A Century Home Inspection Horror Story

Not all home inspections are equal. This true story of two previously “inspected” century homes offers an important lesson.

CrawlspaceA century home is a house that is 100+ years old. In early June, 2007, I inspected a century home on a Thursday, and another on the following Friday. The inspections were performed for different buyers. One home was in Collingwood, the other in Meaford. Both of the homes included really nasty, wet, spider-filled crawlspaces.

Coincidently, both of the homes had been inspected two years earlier when the current sellers had bought. I put on my ‘rubber suit’ crawlspace gear for these inspections, and crawled all the way through the crawlspaces, observing and carefully prodding the floor members. Crawlspace wood must be prodded to determine its condition, and its ability to effectively carry loads.

While the vast majority of century homes are magnificent structures, requiring only minor structural repairs, if any, both of these homes were not. They had suffered a century’s worth of moisture decay caused by acute water infiltration. Much of the floor structure required replacement in an environment where there is no room to work. Repair work would include steps to stop the moisture infiltration into the crawlspaces, as well. Both of my buyers chose to not buy the homes.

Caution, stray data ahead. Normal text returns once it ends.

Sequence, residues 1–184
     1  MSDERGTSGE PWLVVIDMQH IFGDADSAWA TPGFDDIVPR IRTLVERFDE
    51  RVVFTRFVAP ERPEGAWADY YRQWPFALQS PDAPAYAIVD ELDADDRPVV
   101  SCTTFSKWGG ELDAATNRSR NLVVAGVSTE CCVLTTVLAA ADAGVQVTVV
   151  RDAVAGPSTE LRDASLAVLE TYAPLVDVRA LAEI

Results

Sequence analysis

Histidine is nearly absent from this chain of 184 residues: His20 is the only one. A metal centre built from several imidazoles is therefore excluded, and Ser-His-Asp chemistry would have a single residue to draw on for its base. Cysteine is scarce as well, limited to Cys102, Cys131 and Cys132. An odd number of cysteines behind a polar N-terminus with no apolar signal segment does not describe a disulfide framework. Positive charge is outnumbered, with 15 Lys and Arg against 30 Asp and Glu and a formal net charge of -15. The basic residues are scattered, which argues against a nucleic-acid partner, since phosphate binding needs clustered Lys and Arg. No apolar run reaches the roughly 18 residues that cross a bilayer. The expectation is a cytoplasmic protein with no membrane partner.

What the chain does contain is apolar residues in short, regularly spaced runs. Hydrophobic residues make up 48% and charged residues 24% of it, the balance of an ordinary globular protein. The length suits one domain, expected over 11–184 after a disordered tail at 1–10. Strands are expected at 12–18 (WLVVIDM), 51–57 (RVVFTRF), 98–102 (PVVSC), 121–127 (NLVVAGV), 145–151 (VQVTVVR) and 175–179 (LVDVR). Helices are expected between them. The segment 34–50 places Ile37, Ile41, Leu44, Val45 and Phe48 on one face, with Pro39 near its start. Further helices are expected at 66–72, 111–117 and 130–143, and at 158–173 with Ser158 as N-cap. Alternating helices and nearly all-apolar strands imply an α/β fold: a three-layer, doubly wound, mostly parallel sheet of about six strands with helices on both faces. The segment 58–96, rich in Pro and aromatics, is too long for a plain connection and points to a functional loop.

It came to light that neither of the sellers’ home inspectors had fully entered the crawlspaces during the home inspections two years ago!!

Buyers and real estate sales reps sometimes react negatively when we tell them our fee and some of the other inspectors are charging less. I believe our extra effort puts us in a good – if somewhat cramped – position to look a buyer in the eye, and tell them whether the home they are buying is structurally sound. We always identify the work that will be necessary to repair a structure and prevent further moisture decay, and we love to celebrate the positive aspects of all homes.

We do everything in our power to make real estate deals work, but some days – for various reasons – the buying and selling teams are unable to create a new agreement when major problems are identified..

A number of years ago, Ross Sheardown, an Allston-area sales rep (and friend), who passed away last year, handed me a business card. I had just finished crawling through a crawlspace under a century home for his clients. He told me to read the back of the card. In large, bold letters it said (and I paraphrase, as memory serves):

“The bitterness of low quality lasts long after the temporary sweetness of low price has faded away.”

Thanks Ross. At Safe Homes Canada, we guarantee that our clients will never, ever suffer an expense because of a lack of thoroughness during their home inspection!